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Transcript of Found Poetry
Book Spine Poetry
What is Found Poetry?
"Blackout Poetry" is created simply by 'blacking out' large portions of a newspaper article (or text) and leaving behind a few deliberate words to make a poem.
What is Blackout Poetry?
A few basic examples...
How to make your own Blackout Poem
Firstly, find a piece of text to use.
Newspapers are a good choice because they're cheap and no one cares if you scribble all over them.
However, novels and non-fiction books are also great subject matter. If you like, you can always photocopy a page or use one of your own books from home.
Loosen up. Don't worry about making a mistake or messing up your poem. That's the great thing about art – if you like it, then it's all good.
This is supposed to be fun, after all.
DON'T read the article or passage right away. Instead, scan and look for an "anchor" word – a word that jumps out at you. That word will guide the direction of your poem.
After you've found your anchor word, then read the full text, looking for connecting words.
Realise that some articles/pages just won't work. Don't fret. Just move on to another slice of text.
“I like to think of blackout poems like those old Word Search puzzles we used to do in elementary school; a field of letters with hidden messages to find.”
– Austin Kleon, word artist
Remember, your poem will be read from left to right and top to bottom.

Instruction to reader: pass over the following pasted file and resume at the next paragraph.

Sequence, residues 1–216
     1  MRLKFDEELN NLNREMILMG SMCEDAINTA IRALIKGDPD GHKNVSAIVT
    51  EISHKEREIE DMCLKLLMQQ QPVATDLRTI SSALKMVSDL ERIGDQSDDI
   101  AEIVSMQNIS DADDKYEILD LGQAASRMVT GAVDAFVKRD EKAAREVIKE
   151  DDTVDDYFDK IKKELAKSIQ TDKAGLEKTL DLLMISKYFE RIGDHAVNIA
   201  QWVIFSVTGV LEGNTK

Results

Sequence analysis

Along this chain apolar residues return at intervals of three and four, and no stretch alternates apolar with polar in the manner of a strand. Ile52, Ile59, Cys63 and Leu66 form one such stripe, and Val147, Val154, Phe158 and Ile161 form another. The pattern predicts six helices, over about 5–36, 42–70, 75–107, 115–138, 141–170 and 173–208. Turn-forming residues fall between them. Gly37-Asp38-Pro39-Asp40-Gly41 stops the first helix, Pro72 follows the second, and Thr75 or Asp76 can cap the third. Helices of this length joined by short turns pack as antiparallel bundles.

Don't confuse your reader.
If you want to get a little fancy, turn your poem into an illustration.
(Doodles work great, too!)
Grab a newspaper or old book.
Grab a marker.
What is Book Spine Poetry?
It’s a kind of poetry that you don’t really write from scratch – instead, you “find” it by arranging book titles to make a poem. This type of poem can be serious or funny, just like in regular poetry.
When you have several finished book spine poems, you can document them by taking pictures.
First, you’ll need some books. The best place to create book spine poetry is in a library, where you’ll have access to all the books you need!
Next, you’ll need a pencil and paper. Choose one small area of the library to work in, so that you don’t get overwhelmed. If you tried to use all of the book titles in the whole library, it might take you weeks to write your poems!
Walk around the small area that you’ve chosen, looking for interesting book titles, and write down the best ones. As you write down titles, you might notice some that seem to go together to tell a funny or interesting story.
It’s probably not a good idea to pull down every single book that has a good title, which would make a huge pile for the poor librarian to put away later.
Once you have an idea which books you’ll need for three or four poems, then it’s time to actually pull out those books and set them on a table. You’ll be able to move around the books in order to change the order of the titles until you find the arrangement that sounds the best. If there is a missing “line” in your poem, it’s okay to use the card catalog or ask a librarian for help in locating a book title that would be just right.
A pure found poem consists exclusively of outside texts: the words of the poem remain as they were found, with few additions or omissions. Decisions of form, such as where to break a line, are left to the poet.
Found poems take existing texts and refashion them, reorder them, and present them as poems. The literary equivalent of a collage, found poetry is often made from newspaper articles, street signs, graffiti, speeches, letters, or even other poems.
Now it's your turn!
Grab some books.
The two types of found poetry we will be looking at over the next few lessons will be:
Blackout Poetry &
Book Spine Poetry
By Ms A. Siemionow
Now, it's your turn!